If you have experienced sexual assault, it is important to realize you are not alone, and you are not ruined. Your body is yours, and only you can decide what to truly and willingly share with another person. You may not always receive this message in school or from the media, but your choices are important – and you are still a whole person worthy of respect, personal decision making, and intimacy.
If you have endured the physical and emotional trauma associated with unwanted sexual contact, assault and rape, unfortunately you must also deal with conflicting societal messages. Broken self perception and diminished self worth is a long lasting side effect of sexual abuse, particularly in a society that condones abstinence-only education, creates a culture of slut shaming, and has a lack of physical and mental health resources. The system is broken; you are not.
A recent article featured in The Independent highlighted the correlation between inadequate sexual health and consent education and low self worth in girls, particularly those who have experienced sexual abuse. One conservative study by the CDC estimates that one quarter of US girls have experienced sexual abuse during childhood. 1 out of 4 young women – and probably many more – have been touched inappropriately or molested, often by someone they knew and trusted. This reality is often ignored, and little talked about, in school or at home.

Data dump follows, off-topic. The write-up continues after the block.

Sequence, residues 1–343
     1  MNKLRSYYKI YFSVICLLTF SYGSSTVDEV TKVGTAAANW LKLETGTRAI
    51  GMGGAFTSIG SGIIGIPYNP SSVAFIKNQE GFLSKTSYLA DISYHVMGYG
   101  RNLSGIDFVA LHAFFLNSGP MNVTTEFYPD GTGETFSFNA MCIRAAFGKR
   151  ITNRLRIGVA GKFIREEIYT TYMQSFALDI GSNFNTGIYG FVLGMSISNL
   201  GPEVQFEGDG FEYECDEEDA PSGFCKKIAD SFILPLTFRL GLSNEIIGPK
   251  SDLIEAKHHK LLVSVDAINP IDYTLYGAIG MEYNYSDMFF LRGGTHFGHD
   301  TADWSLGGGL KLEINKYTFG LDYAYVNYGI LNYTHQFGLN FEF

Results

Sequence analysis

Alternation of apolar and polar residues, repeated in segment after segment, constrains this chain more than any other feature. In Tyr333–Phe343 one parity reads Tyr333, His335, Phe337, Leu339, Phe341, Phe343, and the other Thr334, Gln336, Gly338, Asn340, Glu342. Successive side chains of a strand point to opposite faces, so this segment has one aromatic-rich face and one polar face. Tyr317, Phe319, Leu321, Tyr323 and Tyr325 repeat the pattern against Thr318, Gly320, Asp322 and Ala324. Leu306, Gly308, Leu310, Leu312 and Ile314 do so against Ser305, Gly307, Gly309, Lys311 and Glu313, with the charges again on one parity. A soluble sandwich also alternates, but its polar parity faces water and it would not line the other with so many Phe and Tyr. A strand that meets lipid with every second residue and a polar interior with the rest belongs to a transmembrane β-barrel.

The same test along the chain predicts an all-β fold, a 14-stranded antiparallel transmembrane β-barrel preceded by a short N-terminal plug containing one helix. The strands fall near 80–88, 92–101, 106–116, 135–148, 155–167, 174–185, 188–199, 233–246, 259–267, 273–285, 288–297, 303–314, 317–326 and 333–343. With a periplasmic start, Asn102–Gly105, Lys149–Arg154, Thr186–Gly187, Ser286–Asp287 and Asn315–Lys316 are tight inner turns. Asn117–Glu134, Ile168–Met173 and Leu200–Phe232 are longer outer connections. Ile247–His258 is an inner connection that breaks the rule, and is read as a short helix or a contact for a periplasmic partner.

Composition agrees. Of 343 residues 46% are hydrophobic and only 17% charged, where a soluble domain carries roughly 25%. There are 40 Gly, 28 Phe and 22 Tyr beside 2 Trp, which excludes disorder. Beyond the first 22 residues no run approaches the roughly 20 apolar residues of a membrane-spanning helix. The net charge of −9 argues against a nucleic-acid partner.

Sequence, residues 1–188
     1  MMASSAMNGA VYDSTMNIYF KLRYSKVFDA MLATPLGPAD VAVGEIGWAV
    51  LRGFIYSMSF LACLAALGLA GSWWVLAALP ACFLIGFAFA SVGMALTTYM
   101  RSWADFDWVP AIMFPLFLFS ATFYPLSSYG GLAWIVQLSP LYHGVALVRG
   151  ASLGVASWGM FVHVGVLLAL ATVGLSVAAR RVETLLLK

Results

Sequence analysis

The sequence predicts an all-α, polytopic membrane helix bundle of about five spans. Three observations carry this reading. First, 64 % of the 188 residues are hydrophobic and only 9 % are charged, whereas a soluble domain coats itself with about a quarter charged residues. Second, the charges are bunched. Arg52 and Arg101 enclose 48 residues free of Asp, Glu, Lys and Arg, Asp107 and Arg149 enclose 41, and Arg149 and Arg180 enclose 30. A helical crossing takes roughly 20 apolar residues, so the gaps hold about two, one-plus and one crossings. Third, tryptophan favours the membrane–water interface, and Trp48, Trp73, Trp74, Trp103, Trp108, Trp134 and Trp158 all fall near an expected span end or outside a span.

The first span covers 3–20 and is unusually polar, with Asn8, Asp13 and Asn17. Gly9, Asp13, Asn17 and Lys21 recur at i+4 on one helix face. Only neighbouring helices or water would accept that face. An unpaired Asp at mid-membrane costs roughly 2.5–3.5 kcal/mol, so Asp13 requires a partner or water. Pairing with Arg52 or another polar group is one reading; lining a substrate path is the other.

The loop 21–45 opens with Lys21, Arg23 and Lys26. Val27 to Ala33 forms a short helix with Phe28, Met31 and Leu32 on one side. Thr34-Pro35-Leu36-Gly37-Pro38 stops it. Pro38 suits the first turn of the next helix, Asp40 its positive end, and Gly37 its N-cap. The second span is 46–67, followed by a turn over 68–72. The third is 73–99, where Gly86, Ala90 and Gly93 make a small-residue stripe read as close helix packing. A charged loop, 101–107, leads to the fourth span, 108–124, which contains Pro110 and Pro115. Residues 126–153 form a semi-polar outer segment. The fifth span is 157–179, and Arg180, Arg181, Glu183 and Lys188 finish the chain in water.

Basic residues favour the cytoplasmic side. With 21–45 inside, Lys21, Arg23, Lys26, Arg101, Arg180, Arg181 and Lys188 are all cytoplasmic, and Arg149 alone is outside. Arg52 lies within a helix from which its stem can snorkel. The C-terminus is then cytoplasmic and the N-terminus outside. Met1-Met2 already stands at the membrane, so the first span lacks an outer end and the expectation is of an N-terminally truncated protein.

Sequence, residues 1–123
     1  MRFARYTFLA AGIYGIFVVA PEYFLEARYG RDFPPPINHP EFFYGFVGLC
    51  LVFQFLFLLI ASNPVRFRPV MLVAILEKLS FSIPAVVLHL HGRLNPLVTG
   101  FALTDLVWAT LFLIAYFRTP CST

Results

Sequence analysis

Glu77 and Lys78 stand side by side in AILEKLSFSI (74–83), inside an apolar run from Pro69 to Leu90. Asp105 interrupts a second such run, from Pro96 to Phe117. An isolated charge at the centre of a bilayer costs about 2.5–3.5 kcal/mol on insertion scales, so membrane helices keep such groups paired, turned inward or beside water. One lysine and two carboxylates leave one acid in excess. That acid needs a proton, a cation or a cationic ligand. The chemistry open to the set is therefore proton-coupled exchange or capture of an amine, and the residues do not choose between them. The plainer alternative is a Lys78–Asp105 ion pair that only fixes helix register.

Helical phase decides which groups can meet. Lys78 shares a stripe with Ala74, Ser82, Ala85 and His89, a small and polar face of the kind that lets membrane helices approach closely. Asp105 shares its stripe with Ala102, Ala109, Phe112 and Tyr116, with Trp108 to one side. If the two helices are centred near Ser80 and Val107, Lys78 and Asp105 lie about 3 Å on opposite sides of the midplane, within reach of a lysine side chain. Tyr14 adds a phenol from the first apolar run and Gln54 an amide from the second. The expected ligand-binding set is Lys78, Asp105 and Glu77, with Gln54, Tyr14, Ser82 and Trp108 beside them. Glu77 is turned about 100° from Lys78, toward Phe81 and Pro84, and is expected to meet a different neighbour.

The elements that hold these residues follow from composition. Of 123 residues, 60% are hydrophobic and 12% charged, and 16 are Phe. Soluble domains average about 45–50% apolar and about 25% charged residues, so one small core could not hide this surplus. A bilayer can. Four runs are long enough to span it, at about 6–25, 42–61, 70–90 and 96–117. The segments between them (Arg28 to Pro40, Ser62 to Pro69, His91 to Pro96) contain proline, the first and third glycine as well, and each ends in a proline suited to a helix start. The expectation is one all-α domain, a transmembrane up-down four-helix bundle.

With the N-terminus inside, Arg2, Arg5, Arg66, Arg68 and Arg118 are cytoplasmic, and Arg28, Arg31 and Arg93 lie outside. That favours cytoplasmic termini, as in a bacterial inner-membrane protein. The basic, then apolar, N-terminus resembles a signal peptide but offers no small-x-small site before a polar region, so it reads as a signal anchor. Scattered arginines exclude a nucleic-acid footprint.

Compare this percentage to the 30 percent of US public middle and high schools that report teaching abstinence-only programs, with many more opting to push abstinence as a priority with paltry reference to forms of STD prevention and birth control. These curriculums and attitudes pertaining to sexual health do not teach boundaries, autonomy, or consent. The message is loud and clear to young women: any sexual contact makes you “impure.” Lost virginity is often referred to as “a chewed piece of gum“; in this climate, how can a girl who has survived sexual assault possibly begin to regain confidence and see herself as whole again?
When sex is presented to teens as “deviant behavior,” it is inevitable that they will consider themselves deviant for feeling or participating (or all too often, being forced into) sexual activity. Low self esteem and poor body image is associated with increased risk of pregnancy, depression, and suicide. For those who have experienced sexual abuse, it is vital to feel supported by the community and empowered by education, not stigmatized by it. Sex shaming curriculums and attitudes only serve to further alienate survivors, who instead should be taught to value their own decisions and bodies, receive resources on STD prevention and birth control options, and feel comfortable talking to adults they trust about their experiences.
Your sexual health and the ability to make your own sexual choices are important, and the topics surrounding consent, STD prevention and birth control are vital to your self worth and identity – whether or not you are receiving adequate information from the adults in your life.
If you are a survivor of sexual abuse, you are not a “chewed piece of gum.” You deserve to feel supported and to have access to the resources that will inform you and help you to feel safe again. You are not alone. You are not ruined.
For survivor support information, visit RAINN.org. If you or someone you know is considering suicide, please call 1-800-273-TALK or visit www.suicidepreventionlifeline.org. For more information regarding sexual health and autonomy, visit plannedparenthood.org and scarleteen.org. Please – help share these resources with your friends and loved ones.